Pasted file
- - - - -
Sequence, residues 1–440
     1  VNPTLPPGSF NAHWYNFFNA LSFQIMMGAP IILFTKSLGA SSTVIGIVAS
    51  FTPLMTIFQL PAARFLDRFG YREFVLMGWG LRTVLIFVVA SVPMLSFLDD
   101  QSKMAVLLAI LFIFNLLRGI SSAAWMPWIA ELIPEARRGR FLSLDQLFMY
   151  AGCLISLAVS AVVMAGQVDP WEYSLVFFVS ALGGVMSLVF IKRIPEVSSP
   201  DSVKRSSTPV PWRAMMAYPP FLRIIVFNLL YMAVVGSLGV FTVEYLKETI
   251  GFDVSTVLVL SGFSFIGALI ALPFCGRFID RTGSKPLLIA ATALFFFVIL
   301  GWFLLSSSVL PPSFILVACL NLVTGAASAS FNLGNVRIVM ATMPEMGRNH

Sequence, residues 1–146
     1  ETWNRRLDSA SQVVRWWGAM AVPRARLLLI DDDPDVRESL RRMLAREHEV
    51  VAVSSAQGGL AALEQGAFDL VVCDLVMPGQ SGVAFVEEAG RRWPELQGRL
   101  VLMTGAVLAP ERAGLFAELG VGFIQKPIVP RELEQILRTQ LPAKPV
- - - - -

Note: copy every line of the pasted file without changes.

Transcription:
Sequence, residues 1–440
     1  VNPTLPPGSF NAHWYNFFNA LSFQIMMGAP IILFTKSLGA SSTVIGIVAS
    51  FTPLMTIFQL PAARFLDRFG YREFVLMGWG LRTVLIFVVA SVPMLSFLDD
   101  QSKMAVLLAI LFIFNLLRGI SSAAWMPWIA ELIPEARRGR FLSLDQLFMY
   151  AGCLISLAVS AVVMAGQVDP WEYSLVFFVS ALGGVMSLVF IKRIPEVSSP
   201  DSVKRSSTPV PWRAMMAYPP FLRIIVFNLL YMAVVGSLGV FTVEYLKETI
   251  GFDVSTVLVL SGFSFIGALI ALPFCGRFID RTGSKPLLIA ATALFFFVIL
   301  GWFLLSSSVL PPSFILVACL NLVTGAASAS FNLGNVRIVM ATMPEMGRNH

Sequence, residues 1–146
     1  ETWNRRLDSA SQVVRWWGAM AVPRARLLLI DDDPDVRESL RRMLAREHEV
    51  VAVSSAQGGL AALEQGAFDL VVCDLVMPGQ SGVAFVEEAG RRWPELQGRL
   101  VLMTGAVLAP ERAGLFAELG VGFIQKPIVP RELEQILRTQ LPAKPV